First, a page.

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Cinderella’s Happily Edit After: My Kindle Scout Experience Part 3 by Jina Bacarr

July 11, 2015 by in category Jina’s Book Chat tagged as , , , , , , , , , , , , , , , ,

(You can read my previous posts about my experience with the Kindle Scout program by clicking on Part 1 and Part 2.)

Remember when Cinderella was all aflutter getting ready for the ball? Her fairy godmother shows up and poof! Cindy has a gorgeous gown, a carriage, and the sexiest pair of glass slippers. Next, she meets the prince, loses her slipper, gets it back, and marries the handsomest man in the land.

Then comes a reality check.

Cindy is a princess with a hundred and fifty room castle to manage, servants galore, royal obligations, and a demanding mother-in-law who can’t wait to show her off at high teas.

First, she must learn how to be a princess.

Kinda like putting out a good book. It’s a lot of work. Period.

After my 30-day campaign with Kindle Scout for LOVE ME FOREVER, my Civil War time travel romance, being on and off the Hot and Trending list, then waiting to see if I made the cut, came my reality check.


Most writers would rather clean bathrooms for a week than open the Editorial Letter.

I was shaking in my slippers when mine came. I worked more than two years on LOVE ME FOREVER, getting the research right, the romance, settings. Not an easy task. My story is over 150,000 words.

Which brings me to one of my favorite things about Kindle Scout: the Kindle Press Team. With everyone jumping into the self-publishing arena, it’s easy to want to write, write, write and get it out there. Do-it-yourself, especially if you’ve been writing for a long time. I can wrap my head around a story pretty well. I’ve written several novels for trad publishers, non-fiction books, kids’ TV scripts, and plenty of magazine columns and stories.

But no writer is an island.

A good editor is as important as Cinderella’s fairy godmother. She/he can wave their magic wand and give you that extra spin on your book, make you dig deeper, cut excess. One thing that drew me to the Kindle Scout program was the idea of receiving editorial input.

I wasn’t disappointed. The editorial guidance at Kindle Scout/Kindle Press is awesome.

I’m thrilled to say that my editor at Kindle Press was thorough, gave excellent suggestions, made me think, and complimented me along the way when she particularly liked something. She’s definitely one of the best editors I’ve ever had. The turnaround was quick: a week to complete the edits. I admit I hardly slept and I maxed out the balance on my Starbucks gold card, but the KP Team gave me a heads up three weeks before as to exactly what day to expect the email with the attached files and they delivered.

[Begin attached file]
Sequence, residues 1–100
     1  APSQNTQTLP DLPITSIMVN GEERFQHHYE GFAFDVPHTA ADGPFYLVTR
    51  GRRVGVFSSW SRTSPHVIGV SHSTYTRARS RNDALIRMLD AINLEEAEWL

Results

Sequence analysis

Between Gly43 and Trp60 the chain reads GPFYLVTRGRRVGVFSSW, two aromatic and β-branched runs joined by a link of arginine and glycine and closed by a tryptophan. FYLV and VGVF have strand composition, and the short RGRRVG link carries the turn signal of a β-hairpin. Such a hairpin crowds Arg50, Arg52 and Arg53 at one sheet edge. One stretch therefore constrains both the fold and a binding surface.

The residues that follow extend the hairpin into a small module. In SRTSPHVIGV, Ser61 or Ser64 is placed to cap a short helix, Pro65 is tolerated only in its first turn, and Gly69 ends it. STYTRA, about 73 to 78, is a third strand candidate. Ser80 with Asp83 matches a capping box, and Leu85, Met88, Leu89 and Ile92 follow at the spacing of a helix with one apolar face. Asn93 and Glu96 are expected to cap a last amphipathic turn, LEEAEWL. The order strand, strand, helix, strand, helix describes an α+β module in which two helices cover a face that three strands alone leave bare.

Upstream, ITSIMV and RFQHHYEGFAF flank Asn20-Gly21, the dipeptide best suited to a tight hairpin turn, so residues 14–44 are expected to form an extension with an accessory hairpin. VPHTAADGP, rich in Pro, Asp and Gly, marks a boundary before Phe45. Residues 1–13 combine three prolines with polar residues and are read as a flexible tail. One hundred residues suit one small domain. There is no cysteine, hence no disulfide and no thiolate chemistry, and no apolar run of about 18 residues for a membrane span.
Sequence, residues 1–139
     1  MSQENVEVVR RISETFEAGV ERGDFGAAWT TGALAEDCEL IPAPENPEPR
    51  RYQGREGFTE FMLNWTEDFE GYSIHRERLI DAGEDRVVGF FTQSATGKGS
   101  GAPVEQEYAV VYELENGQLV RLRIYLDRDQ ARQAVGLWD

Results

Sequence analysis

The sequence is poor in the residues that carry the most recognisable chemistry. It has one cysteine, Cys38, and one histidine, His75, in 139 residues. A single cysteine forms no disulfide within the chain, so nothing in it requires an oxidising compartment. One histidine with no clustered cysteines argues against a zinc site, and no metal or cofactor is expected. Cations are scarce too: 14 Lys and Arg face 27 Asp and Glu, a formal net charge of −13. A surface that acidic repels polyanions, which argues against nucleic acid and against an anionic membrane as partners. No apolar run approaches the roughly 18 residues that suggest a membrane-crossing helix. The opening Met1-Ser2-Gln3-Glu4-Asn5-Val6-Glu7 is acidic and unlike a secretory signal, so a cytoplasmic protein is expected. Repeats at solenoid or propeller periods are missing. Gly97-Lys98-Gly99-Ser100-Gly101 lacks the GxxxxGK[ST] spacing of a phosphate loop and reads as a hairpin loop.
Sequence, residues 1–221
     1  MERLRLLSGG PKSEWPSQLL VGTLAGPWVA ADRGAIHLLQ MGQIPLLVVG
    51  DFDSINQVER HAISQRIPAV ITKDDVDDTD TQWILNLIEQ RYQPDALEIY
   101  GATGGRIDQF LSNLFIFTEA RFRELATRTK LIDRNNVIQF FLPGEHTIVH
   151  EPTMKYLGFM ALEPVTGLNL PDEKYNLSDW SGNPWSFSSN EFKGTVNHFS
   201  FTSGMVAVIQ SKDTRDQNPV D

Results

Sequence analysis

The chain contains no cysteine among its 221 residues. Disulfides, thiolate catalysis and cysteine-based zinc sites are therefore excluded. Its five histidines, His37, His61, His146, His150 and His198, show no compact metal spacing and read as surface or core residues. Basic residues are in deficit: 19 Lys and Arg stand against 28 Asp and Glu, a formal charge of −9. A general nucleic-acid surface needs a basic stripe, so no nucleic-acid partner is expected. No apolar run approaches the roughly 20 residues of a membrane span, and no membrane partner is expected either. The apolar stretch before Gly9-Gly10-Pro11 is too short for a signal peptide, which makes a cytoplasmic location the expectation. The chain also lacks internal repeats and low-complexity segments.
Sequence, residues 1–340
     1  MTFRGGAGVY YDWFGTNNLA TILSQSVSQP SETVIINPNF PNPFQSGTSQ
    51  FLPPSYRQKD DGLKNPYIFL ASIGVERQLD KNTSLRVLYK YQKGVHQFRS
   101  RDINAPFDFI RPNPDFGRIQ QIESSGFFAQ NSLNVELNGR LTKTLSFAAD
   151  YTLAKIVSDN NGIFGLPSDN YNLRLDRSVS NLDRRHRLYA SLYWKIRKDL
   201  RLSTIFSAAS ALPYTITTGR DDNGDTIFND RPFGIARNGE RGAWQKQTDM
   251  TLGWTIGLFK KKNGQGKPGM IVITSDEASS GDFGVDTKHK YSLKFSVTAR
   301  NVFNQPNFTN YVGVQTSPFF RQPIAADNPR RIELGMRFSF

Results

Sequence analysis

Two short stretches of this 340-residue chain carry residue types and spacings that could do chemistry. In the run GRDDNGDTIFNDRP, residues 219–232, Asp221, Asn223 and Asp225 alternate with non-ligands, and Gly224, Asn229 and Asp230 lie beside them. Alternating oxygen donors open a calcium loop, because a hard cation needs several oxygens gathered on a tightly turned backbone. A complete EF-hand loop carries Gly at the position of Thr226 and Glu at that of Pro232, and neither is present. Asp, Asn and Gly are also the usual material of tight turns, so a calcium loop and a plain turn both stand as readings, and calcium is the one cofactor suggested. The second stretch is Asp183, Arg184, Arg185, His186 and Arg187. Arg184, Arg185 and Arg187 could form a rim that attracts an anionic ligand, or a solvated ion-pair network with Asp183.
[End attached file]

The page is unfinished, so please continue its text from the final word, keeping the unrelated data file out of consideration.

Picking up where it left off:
So here we are at a new juncture in my Kindle Scout experience. Edits done; book in production.

Preorder begins: July 13, 2015. 

On Sale at Amazon: July 28, 2015.

Am I nervous? You bet I am. I put my heart and soul into this story, laughed and cried with my characters every step of the way. I’m anxious to get it out there. But the best part is, I feel confident that as part of the Kindle Scout program, LOVE ME FOREVER is the best it can be.


Website: www.jinabacarr.com
Blog: www.jinabacarr.wordpress.com

Next month: Part 4: what happens when my Kindle Scout book, LOVE ME FOREVER, goes on sale.


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That Pesky Internal Editor

August 19, 2013 by in category Archives tagged as , , ,

I think we’ve all laughed along with the t-shirt motto: I’m Secretly Correcting Your Grammar. And nodded because, yes, we are. We each have our own particular misuse or phrase that acts like fingernails on a blackboard. For me it’s Who/Which/That. I find myself inserting “Who” for “That” while following a conversation, or listening to a television news personality.
We can also be distracted by titles or weak plot points. Most recently I remember a title referring to the hero as soldier coming home. Lovely thoughts. Except this particular hero was a Navy SEAL, as in SAILOR. Somehow this faux pas made it past multiple editors as well as an author who has in the past shown excellent military knowledge.
Maybe we’ve become experts at catching plot anomalies such as horses changing color (or their riders shifting from in the saddle to on the ground to in the saddle without ever actually mounting or dismounting) I remember one love scene where the hero unbuttoned the heroine’s blouse then removed her dress…guess she really wanted to cover up.